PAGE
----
Tuesday, 25 August 2009
Reading and writing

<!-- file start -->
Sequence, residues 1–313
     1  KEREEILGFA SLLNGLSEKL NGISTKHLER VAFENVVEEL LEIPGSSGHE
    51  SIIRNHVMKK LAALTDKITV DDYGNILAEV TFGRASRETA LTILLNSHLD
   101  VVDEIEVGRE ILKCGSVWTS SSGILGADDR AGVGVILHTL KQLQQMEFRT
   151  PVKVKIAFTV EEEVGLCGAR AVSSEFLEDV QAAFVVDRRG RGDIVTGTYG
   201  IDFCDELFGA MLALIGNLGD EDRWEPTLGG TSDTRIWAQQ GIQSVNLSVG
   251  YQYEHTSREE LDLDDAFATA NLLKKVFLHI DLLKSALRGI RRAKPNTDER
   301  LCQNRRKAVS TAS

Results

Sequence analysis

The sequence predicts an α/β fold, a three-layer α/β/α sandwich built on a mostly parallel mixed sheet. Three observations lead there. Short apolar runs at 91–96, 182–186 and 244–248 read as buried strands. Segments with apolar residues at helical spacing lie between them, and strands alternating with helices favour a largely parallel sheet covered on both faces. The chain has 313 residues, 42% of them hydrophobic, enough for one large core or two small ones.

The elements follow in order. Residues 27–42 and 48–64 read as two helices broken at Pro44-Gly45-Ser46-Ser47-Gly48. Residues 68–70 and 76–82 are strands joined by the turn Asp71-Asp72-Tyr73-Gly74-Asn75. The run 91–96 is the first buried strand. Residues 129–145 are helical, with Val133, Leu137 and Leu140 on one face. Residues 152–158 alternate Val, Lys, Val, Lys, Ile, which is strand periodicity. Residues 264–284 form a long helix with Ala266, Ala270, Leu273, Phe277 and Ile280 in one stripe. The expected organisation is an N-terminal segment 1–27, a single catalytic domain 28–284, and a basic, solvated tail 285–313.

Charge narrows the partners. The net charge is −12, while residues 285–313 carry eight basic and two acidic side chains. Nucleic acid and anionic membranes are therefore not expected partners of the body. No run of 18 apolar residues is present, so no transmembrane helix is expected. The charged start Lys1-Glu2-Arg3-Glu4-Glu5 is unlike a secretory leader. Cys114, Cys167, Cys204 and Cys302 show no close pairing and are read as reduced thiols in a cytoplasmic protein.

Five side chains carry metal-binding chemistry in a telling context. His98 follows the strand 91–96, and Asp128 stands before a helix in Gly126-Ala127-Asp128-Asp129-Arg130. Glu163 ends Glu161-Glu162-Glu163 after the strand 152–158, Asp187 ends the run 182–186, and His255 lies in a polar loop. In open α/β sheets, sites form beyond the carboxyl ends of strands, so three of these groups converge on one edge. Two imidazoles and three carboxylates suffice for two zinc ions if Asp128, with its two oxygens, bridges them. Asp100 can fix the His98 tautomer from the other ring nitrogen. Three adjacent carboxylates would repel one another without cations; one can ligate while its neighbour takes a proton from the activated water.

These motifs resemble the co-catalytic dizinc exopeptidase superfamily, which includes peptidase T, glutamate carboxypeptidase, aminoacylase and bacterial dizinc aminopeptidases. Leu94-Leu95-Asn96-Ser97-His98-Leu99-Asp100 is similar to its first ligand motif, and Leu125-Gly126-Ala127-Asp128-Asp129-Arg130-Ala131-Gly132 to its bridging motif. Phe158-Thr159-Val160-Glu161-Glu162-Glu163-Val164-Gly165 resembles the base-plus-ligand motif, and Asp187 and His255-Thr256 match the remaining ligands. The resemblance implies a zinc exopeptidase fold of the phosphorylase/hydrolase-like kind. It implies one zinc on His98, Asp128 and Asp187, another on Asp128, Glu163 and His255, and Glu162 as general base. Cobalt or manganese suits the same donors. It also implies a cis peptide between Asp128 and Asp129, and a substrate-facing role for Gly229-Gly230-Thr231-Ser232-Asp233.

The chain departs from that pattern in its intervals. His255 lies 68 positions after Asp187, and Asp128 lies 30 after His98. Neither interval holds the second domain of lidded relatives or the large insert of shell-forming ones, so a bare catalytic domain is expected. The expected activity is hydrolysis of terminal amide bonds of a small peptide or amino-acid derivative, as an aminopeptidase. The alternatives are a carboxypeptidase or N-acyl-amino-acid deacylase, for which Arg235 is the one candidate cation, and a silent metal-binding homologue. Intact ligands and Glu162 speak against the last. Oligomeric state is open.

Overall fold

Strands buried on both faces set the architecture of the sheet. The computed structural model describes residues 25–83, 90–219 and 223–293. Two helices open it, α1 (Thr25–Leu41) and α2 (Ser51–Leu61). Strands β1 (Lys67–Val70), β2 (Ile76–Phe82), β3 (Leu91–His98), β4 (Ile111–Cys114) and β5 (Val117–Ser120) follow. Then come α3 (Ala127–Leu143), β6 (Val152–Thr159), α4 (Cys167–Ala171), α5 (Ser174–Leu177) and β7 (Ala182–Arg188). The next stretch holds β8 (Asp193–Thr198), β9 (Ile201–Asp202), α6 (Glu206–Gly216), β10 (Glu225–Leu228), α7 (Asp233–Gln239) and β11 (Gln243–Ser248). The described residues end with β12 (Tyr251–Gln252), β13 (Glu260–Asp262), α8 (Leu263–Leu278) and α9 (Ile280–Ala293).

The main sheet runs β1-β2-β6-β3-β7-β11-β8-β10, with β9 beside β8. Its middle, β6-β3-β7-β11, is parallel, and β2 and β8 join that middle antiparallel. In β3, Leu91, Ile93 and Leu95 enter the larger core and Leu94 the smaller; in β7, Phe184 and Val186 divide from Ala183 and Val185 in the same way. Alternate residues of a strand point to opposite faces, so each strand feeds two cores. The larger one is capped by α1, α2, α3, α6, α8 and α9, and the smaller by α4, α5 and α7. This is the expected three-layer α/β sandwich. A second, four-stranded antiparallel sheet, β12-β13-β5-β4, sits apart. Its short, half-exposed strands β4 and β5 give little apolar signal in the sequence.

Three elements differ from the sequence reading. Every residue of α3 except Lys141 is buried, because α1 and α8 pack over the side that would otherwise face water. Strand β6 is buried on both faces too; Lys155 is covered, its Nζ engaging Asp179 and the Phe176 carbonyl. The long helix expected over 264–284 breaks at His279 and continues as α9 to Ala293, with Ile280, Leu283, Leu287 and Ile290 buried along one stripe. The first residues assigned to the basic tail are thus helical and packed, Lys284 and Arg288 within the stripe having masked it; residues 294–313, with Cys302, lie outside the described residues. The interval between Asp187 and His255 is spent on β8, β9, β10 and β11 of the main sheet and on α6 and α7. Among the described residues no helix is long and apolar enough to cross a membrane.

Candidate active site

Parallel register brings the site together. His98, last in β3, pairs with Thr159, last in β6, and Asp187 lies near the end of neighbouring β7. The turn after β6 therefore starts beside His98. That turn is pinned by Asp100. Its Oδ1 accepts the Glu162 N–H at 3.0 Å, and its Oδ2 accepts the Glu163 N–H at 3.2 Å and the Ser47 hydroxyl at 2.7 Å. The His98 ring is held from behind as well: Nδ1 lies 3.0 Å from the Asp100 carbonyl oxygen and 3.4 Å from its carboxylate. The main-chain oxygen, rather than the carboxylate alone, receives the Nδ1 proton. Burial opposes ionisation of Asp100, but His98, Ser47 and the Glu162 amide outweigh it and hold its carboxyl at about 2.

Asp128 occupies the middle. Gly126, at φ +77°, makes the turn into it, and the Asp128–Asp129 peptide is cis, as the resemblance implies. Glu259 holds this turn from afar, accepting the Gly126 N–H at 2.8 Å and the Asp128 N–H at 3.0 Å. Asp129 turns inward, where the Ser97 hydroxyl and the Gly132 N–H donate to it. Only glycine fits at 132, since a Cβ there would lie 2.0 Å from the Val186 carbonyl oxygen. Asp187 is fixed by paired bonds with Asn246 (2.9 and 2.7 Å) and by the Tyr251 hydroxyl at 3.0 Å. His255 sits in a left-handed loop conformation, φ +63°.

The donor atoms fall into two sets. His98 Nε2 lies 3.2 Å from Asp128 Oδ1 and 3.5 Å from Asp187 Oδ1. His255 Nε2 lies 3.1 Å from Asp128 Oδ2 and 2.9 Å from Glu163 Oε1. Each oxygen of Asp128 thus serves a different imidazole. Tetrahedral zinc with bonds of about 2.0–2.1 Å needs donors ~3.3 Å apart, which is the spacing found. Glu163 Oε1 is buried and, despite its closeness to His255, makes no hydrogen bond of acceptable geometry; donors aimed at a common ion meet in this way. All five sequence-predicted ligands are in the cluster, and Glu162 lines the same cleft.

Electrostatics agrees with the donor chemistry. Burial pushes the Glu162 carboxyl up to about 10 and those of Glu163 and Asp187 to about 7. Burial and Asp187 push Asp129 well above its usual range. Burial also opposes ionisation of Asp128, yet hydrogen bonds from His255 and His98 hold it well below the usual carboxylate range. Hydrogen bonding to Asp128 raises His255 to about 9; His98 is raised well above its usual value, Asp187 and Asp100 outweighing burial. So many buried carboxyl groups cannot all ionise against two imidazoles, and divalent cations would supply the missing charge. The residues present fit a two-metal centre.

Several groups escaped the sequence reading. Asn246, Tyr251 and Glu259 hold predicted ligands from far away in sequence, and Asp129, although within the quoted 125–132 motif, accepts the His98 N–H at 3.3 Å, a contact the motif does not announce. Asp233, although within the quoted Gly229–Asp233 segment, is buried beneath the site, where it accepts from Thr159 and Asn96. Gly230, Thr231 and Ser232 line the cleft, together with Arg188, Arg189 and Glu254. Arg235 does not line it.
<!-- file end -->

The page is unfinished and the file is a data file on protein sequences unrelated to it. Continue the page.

Well we had a good break in Northern Ireland and now its back to a month's worth of writing before the students, and there are going to be more than ever before this coming academic year, arrive back in Aberystwyth. At the minute I'm trying to spend no more than a week working on the revisions to my essay on the Calvinism of the Calvinistic Methodists. As always this is turning out to be a slightly bigger job than I expected, but I've done a fair bit of additional reading since I wrote the first draft of the paper earlier in the summer so its worth trying to incorporate as much of that as possible. Hopefully next week I can then start writing my essay on evangelicalism in Wales, after finally deciding to go for it in the end. I decided to do it mainly for the reasons outlined in my earlier blog post, but I think I'll definitely skew the chapter towards the twentieth century. The past month or two I've been awakening an interest in reading fiction. I'm embarrassed to say that its taken the best part of 35 years, but it was reading the Marilynne Robinson books that really sparked my interest - its a good diversion from all the history and theology at least. The past few weeks I've been reading some of the novels in the Library of Wales series (http://www.libraryofwales.co.uk/). The first one I picked up was Rhys Davies', The Withered Root (1927), which is the fictional account of Wales' last religious revival in 1904. It follows the story of Reuben Daniels, a young charismatic revivalist, and his followers the Corinthians, who shoot to fame almost overnight. The book is a thinly veiled satire on Evan Roberts of course; Daniels like Roberts ends his life in obscurity, although unlike Roberts, Daniels is unable to come to terms with his sexual desires and finds them overpowering his religious devotion in the end. I've moved on to Gwyn Thomas this week, and am trying to read his 1940s novel, The Alone to the Alone. Alongside this I'm reading Dallas Willard's new book, Personal Religion, Public Reality? (2009); I'll blog about it in due course.